- Read all DeviceIdentity Certificates from the Device;
- Locate a Ticket that has a ProductInstanceUri that matches one or more DeviceIdentity Certificates;
- Validate the Ticket if it has not already been validated (see 6.4);
- Select and Validate DeviceIdentity Certificate that matches the Ticket;
- Establish a secure connection to the Device using the selected DeviceIdentity Certificate.
- Issue a DCA Application Instance Certificate to the Device that indicates that it has been authenticated.
The initial communication between the Registrar and the Device is secured with a DeviceIdentity Certificate. When using PushManagement (7.3), the Registrar is a Client that calls GetEndpoints via connection without security on the Device Configuration Application (DCA). The DCA shall provide at least one EndpointDescription for each DeviceIdentity Certificate. The Registrar chooses a DeviceIdentity Certificate, establishes a secure connection using an EndpointDescription that uses that Certificate. This provides proof that the Device possesses the PrivateKey associated with the Certificate. The Registrar uses the SecureChannel to provide an Application Instance Certificate to the DCA which will allow the DCA to be used to provision the other Applications running on the Device. This Certificate is called the DCA Certificate.
When using PullManagement (7.2) the DCA connects to the Registrar without security and calls the ProvideIdentities Method. The Registrar chooses a valid DeviceIdentity Certificate and returns it in the response along with a ApplicationId which is used to request new Certificates. The DCA reconnects using a new SecureChannel with the selected Certificate which provides proof that the Device possesses the PrivateKey associated with the Certificate. The DCA uses the SecureChannel to request a new Application Instance Certificate which will allow the DCA to provision the other Applications running on the Device. The DCA Application Instance Certificate cannot be used for any action other than configuring the DCA or other Applications managed by that DCA (for example, the host name/IP address of the Application being configured has the same host name/IP addresses assigned to the Device where the DCA is running).
Registrar first looks for a Certificate that has a ProductInstanceUri as a value in the subjectAltName of the Certificate. The Registrar first searches the set of pre-validated Tickets that were provided out-of-band for a match. If that fails it either calls the RequestTickets Method on the DCA (see PushManagement in 7.3), or returns a code from ProvideIdentities Method that tells the DCA to call the ProvideTickets Method (see pull management in 7.2).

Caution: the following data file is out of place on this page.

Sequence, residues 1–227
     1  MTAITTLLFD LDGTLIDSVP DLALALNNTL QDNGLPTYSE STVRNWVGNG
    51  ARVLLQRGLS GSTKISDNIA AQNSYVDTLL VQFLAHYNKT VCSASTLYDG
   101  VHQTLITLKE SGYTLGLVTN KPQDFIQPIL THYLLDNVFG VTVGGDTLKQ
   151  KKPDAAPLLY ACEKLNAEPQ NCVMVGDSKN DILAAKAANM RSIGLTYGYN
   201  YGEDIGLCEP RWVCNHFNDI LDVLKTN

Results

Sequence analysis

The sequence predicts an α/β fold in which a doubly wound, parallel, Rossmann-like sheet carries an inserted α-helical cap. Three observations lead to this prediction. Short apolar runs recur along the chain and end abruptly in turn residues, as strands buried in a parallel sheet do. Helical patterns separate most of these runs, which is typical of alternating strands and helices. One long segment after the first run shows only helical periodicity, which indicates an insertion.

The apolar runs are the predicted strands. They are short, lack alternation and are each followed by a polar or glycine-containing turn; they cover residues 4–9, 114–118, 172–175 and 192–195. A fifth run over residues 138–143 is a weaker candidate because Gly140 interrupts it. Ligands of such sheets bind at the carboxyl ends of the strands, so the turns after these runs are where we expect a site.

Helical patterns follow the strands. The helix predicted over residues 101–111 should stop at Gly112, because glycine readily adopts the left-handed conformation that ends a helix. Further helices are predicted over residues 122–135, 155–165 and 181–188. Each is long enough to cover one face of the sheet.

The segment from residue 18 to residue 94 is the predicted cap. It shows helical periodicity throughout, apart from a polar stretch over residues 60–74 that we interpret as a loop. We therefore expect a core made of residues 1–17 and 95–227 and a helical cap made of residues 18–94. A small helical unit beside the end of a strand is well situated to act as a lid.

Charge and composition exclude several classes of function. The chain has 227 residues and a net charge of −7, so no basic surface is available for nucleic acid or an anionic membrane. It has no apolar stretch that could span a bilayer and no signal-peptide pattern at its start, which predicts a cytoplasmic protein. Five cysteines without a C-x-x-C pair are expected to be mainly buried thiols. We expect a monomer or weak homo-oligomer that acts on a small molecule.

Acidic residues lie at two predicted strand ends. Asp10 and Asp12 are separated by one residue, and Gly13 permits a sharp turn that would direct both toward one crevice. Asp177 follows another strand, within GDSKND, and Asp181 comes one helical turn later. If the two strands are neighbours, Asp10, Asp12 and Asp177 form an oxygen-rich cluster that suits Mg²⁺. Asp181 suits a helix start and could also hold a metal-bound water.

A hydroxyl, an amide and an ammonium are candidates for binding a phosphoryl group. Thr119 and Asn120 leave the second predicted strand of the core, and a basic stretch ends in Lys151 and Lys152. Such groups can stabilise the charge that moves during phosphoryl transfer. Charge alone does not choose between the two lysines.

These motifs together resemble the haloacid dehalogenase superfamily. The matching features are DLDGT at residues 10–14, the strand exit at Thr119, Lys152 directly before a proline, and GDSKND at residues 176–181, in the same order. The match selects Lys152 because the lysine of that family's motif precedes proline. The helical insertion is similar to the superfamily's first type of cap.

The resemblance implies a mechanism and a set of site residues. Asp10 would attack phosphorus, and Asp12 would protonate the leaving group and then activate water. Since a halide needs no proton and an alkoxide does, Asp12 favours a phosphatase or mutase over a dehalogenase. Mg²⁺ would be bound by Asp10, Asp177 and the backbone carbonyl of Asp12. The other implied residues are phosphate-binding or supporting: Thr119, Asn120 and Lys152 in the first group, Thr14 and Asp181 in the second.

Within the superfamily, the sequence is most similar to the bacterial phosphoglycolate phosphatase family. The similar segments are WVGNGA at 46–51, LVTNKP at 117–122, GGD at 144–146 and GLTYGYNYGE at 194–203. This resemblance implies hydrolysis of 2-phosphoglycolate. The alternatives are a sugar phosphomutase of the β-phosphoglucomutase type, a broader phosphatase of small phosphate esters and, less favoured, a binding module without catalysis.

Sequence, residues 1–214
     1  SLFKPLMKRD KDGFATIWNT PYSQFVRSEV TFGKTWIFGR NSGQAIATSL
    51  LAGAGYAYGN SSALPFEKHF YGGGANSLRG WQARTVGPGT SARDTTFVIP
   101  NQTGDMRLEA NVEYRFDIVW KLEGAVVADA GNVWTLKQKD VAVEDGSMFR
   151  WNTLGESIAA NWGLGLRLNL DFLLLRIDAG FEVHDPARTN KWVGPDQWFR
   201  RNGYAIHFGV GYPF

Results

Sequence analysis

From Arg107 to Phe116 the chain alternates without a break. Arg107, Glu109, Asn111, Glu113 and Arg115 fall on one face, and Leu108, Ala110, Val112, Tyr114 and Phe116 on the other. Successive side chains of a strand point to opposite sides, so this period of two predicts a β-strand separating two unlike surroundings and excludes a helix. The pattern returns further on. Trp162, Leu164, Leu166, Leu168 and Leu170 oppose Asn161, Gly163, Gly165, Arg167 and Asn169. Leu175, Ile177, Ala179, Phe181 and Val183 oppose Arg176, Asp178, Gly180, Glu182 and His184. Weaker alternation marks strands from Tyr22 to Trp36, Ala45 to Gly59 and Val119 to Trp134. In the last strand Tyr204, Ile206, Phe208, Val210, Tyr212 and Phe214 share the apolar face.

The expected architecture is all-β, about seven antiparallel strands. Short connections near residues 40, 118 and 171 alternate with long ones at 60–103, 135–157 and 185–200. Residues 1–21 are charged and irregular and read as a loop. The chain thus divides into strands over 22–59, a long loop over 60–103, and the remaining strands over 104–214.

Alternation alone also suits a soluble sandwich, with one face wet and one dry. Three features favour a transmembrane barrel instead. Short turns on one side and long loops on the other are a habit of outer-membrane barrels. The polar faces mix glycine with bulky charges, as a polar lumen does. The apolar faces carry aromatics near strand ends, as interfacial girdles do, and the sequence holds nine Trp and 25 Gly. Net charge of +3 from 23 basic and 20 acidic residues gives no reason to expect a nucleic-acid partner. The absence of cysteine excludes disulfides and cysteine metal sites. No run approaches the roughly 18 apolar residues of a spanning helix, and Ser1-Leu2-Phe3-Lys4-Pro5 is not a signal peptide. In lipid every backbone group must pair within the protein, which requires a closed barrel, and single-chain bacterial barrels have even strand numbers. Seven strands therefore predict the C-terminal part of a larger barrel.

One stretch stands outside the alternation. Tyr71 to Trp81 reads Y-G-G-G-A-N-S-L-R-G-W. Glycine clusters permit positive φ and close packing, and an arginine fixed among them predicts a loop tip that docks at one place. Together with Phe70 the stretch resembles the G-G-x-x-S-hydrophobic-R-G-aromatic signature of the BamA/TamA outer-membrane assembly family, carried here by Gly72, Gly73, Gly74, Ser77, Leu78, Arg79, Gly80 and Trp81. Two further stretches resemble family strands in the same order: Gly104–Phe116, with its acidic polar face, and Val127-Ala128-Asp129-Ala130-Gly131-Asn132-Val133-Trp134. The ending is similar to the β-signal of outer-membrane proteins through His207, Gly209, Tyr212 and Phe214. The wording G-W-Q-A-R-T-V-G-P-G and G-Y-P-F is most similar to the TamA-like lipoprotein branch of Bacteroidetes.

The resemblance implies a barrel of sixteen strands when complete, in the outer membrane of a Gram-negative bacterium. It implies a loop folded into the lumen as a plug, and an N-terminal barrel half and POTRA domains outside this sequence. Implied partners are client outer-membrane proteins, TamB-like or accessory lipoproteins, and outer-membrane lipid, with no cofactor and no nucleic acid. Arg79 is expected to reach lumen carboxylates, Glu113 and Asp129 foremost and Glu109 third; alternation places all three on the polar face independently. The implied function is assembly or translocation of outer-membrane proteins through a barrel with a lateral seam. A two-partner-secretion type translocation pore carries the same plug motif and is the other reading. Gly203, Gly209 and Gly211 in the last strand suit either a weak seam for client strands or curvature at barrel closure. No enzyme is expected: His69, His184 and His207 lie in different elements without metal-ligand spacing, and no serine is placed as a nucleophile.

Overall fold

If the matching DeviceIdentityTicket is referenced by a Composite Ticket (see CompositeIdentityTicketType in 8.2.4) then the Registrar looks for a Certificate that has both the CompositeInstanceUri and the ProductInstanceUri as values in the subjectAltName.
Once the Registrar has found a valid Ticket that matches a DeviceIdentity Certificate, it can use the CertificateAuthority in the Ticket to validate the selected Certificate using the process described in OPC 10000-4 for Application Instance Certificates. The revocation status check may be online if the Manufacturer or CompositeBuilder adds the cRLDistributionPoints or authorityInfoAccess extensions (see RFC 5280) to the DeviceIdentity Certificates. If those extensions do not exist then the revocation check may be skipped. Skipped revocation checks shall be logged. If the Ticket is signed by a trusted Ticket signing authority and the timestamp is valid then expired CA Certificates may be ignored since the lifetime of a Device is usually longer than the lifetime of a CA Certificate.
The Registrar, and the storage it needs, is a critical part of the authentication process and needs to be protected from access by malicious actors.
The sequence begins when the Device discovers the location of the Registrar via mDNS (see OPC 10000-12), the SetRegistrarEndpoints Method is called (Servers only) or the Endpoints are provided via a Device specific mechanism. The sequence automatically repeats until the Device receives its DCA Certificate and no software update is required. Any errors occur the sequence restarts from the beginning. Note that step requires that the DCA trust any Registrar it finds since it does not have a valid TrustList (see 4.2.4).
If multiple Registrars are on the network, the DCA shall attempt to connect to each one until it finds one that accepts it and allows it to request a DCA Certificate and a TrustList. Once configured, the DCA shall not attempt to connect to Registrars that are not in the TrustList. Devices that support pull management shall have a way for a person with physical access to the Device to reset the DCA TrustList and restart the Device authentication process.
Once connected to a Registrar the Device provides all of its DeviceIdentity Certificates to the Registrar which then attempts to locate a valid Ticket that matches one of the Certificates. If a Composite Ticket that matches the Device ProductInstanceUri exists then only DeviceIdentity Certificates with the CompositeInstanceUri are considered by the Registrar.
The Registrar also uses the Ticket to determine if a software update is required before it provides a Certificate to a Device. If one is required it returns a Endpoint to the SoftwareUpdateManager that the Device is expected to use.
When the Device connects to SoftwareUpdateManager it provides the current version number of the software that is installed. If it is the required version, the SoftwareUpdateManager calls the UpdateSoftwareStatus Method. Otherwise, the Device downloads the update, applies it and then connects to SoftwareUpdateManager again and provides the new version number. The process repeats until the required software version is installed.